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The Asia-Pacific Journal: Japan Focus

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United States -- Foreign relations -- China, Diplomatic relations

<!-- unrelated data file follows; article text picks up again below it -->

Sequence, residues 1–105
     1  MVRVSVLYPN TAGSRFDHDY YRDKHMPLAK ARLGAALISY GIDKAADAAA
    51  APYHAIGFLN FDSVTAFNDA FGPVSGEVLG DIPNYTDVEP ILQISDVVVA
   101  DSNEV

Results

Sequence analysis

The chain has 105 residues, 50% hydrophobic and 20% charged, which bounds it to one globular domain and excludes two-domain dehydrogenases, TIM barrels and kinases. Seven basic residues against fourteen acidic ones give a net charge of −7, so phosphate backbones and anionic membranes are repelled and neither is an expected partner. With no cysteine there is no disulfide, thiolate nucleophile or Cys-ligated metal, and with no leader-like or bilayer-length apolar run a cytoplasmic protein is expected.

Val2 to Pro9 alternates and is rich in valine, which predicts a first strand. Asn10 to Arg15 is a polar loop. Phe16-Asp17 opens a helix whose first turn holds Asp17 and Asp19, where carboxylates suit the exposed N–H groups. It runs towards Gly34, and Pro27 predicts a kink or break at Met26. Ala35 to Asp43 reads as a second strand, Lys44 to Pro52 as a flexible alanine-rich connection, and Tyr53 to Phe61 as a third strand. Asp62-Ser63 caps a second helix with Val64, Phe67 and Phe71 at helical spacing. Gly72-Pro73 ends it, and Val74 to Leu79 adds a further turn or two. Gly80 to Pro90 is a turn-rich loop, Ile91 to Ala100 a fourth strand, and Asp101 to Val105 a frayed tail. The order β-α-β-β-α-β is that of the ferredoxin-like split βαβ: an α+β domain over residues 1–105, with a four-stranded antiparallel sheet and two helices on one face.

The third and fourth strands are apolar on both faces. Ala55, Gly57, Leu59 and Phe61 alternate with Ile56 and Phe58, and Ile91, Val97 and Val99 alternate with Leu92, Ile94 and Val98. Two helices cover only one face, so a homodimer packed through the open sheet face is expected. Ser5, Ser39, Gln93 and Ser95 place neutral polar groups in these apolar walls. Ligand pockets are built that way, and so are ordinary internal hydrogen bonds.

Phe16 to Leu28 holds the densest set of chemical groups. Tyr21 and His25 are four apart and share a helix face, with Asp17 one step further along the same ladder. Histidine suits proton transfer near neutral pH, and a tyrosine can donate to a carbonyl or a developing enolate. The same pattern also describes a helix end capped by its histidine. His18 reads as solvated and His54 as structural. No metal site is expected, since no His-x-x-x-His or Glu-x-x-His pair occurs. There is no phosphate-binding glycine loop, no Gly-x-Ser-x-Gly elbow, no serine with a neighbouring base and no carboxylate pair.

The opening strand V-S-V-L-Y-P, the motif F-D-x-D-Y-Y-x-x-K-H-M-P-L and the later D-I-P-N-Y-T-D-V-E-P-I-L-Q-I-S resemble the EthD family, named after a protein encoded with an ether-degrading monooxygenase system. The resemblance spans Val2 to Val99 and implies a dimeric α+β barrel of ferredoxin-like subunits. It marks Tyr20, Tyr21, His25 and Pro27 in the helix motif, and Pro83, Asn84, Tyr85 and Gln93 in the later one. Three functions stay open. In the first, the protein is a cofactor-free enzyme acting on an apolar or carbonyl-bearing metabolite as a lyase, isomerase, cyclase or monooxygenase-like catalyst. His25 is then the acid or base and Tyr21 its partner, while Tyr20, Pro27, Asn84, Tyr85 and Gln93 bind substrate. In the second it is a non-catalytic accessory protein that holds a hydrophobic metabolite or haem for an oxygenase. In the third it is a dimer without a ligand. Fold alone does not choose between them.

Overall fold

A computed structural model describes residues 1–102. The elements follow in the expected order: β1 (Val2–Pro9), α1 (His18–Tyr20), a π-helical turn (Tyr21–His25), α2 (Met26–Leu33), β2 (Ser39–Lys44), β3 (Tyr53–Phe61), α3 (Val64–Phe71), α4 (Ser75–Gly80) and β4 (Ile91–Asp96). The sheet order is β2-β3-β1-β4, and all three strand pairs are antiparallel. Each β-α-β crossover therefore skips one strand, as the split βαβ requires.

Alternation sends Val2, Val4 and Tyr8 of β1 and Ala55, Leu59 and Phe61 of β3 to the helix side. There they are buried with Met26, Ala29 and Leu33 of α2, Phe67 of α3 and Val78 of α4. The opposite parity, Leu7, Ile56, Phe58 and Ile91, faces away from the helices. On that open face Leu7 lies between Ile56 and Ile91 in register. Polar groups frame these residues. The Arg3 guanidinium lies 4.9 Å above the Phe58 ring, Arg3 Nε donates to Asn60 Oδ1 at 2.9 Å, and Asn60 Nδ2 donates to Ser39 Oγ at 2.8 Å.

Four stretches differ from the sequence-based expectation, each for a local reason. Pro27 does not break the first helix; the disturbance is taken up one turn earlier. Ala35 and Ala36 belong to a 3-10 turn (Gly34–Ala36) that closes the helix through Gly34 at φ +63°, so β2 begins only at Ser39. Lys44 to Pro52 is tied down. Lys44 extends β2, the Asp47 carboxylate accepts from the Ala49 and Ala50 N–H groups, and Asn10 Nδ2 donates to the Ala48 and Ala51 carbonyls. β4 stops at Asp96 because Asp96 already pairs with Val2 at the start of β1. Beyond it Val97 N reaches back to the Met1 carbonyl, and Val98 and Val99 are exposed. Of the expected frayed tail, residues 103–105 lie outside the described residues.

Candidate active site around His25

The trade war and technological competition with China are symptomatic of a much larger issue: a dangerous gridlock in US-China relations that may become permanent, with dire consequences not just for the two countries’ economies but also for the global economy and quite possibly East Asia’s and international security. Martin Wolf, Financial Times columnist, is right to conclude: “Across-the-board rivalry with China is becoming an organising principle of US economic, foreign and security policies.”1 The fact that this conflict has occurred at a time of trade, investment, and security disputes between the US and its major allies, US-Russia tensions, and US military interventions across the Middle East and Central Asia, heightens global instability.


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